I have come to the realization that so-called marketing experts won’t tell you the truth about social networking. They will, in fact, tell you what you want to hear. Follow their ten easy steps and you will be a rich, famous whatever. Personally, I think it’s all a pile of mule fritters.
My membership on the social networking sites has not influenced my notoriety, fame, status as an author or sales one bit. Don’t misinterpret, this is not me being bitter. I sell books, always have, always will. I just don’t sell millions and I don’t sell enough to quit my day job. Facebook, Twitter, LinkedIn and all the others have had no influence on this in any significant way whatever.
It’s ironic that it can be compared to placing an ad on an internet dating site. It doesn’t really matter what you write. I have written blogs that are witty, humorous, profound, intelligent, serious, poetic and a hundred other adjectives. None of them gets the notoriety that I need in order to make a living as an author. Now, on the other hand, if I strip down naked, go ‘twerking’ on a highway overpass with my Ruger in one hand and a copy of my first novel in the other, I stone guarantee I will indeed go ‘viral’ immediately and the You Tube video taken by twelve teenagers whose phones never leave their hands will get 3 million hits within the next twenty four hours. Ah, success at last!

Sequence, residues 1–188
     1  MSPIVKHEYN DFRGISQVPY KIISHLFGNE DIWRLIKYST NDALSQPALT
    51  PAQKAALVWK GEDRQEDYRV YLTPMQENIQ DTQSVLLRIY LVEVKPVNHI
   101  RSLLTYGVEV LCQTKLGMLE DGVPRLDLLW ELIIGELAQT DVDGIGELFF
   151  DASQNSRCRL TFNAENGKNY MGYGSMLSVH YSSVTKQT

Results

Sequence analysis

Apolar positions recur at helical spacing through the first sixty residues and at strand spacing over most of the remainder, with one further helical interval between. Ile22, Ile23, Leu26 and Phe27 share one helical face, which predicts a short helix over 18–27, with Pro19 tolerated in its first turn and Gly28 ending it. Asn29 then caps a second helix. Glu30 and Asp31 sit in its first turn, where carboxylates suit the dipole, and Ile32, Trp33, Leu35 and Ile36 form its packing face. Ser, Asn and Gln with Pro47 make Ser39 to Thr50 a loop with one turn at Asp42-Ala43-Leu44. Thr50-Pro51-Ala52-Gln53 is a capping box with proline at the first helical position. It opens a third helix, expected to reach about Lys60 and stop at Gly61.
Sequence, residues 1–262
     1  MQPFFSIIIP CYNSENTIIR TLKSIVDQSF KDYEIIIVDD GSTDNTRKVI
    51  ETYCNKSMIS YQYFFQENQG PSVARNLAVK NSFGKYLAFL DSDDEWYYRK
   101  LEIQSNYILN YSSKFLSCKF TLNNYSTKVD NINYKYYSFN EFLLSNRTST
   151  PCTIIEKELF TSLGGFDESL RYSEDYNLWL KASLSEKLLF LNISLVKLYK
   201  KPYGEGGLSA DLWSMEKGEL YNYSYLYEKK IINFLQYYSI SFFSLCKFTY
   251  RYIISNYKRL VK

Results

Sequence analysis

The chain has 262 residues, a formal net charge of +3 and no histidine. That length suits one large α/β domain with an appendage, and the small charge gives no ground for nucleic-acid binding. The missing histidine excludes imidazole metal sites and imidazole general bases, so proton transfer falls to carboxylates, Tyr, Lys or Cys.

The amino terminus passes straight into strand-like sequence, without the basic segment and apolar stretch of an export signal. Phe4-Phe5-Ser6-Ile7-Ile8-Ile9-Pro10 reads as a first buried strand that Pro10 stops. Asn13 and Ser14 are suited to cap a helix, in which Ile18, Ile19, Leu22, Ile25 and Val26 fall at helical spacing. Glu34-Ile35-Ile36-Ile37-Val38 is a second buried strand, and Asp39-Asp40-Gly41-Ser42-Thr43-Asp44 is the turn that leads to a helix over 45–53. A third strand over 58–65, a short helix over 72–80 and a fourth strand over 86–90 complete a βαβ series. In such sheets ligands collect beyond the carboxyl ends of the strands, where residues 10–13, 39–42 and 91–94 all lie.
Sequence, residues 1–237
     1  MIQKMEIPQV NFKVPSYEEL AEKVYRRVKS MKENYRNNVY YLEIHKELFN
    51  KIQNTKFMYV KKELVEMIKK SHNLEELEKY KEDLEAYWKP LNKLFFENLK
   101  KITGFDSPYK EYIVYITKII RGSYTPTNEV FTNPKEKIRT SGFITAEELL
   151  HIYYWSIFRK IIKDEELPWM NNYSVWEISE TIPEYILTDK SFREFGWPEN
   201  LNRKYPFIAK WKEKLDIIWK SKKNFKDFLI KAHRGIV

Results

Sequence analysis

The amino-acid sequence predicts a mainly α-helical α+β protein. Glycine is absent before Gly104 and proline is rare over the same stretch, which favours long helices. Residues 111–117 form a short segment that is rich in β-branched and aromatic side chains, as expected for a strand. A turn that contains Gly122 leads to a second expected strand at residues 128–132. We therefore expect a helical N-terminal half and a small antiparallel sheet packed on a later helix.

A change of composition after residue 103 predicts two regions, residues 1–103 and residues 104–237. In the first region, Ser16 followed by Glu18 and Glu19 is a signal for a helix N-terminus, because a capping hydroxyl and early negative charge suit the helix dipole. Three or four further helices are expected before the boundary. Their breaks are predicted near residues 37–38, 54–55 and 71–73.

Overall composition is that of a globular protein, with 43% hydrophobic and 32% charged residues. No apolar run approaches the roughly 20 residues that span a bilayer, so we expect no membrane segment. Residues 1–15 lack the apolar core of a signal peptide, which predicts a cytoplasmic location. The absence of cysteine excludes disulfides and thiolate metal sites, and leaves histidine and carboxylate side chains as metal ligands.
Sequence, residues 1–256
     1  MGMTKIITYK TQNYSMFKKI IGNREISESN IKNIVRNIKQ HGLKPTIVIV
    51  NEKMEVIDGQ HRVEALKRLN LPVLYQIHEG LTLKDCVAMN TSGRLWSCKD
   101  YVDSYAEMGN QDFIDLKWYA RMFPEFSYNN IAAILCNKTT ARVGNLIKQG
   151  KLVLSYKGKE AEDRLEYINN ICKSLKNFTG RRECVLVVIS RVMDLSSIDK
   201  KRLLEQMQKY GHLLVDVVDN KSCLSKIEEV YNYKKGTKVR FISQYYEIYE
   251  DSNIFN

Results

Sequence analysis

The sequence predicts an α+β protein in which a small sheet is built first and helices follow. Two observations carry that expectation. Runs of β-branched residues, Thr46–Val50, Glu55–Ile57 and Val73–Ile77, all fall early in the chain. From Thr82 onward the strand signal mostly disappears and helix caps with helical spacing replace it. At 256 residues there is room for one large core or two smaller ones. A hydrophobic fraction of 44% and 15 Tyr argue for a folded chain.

What do you think about author Ethan Holmes’ take on the truth about social networking?
Ethan Holmes is the author of five books; Earth’s Blood, The Keystone, Live Your Life In A Crap Free Zone, Shorts and Other Laundry and A Multi-Pack of Brain Flakes.